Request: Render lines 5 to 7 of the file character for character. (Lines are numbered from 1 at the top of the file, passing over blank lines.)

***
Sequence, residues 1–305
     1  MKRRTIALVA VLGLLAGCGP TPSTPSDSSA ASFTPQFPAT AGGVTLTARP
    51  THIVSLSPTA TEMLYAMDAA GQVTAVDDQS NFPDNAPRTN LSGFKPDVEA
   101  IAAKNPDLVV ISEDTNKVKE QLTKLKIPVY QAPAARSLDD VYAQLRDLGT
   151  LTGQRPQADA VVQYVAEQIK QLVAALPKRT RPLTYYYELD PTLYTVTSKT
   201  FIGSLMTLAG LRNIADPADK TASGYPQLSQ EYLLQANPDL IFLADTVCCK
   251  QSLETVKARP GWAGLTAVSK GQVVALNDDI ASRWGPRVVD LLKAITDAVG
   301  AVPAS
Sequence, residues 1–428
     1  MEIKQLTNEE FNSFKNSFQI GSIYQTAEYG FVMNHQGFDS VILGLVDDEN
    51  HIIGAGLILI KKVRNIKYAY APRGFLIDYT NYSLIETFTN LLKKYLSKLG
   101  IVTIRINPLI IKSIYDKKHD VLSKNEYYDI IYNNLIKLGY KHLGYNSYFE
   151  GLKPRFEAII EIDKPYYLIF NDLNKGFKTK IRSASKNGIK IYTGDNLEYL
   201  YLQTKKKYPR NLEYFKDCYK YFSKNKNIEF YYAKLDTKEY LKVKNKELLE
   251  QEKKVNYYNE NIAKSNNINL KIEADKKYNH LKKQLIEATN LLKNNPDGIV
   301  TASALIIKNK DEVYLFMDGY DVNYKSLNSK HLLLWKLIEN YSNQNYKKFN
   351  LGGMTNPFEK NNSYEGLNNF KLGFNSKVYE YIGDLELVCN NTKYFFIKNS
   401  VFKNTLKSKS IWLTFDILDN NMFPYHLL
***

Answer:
   151  LTGQRPQADA VVQYVAEQIK QLVAALPKRT RPLTYYYELD PTLYTVTSKT
   201  FIGSLMTLAG LRNIADPADK TASGYPQLSQ EYLLQANPDL IFLADTVCCK
   251  QSLETVKARP GWAGLTAVSK GQVVALNDDI ASRWGPRVVD LLKAITDAVG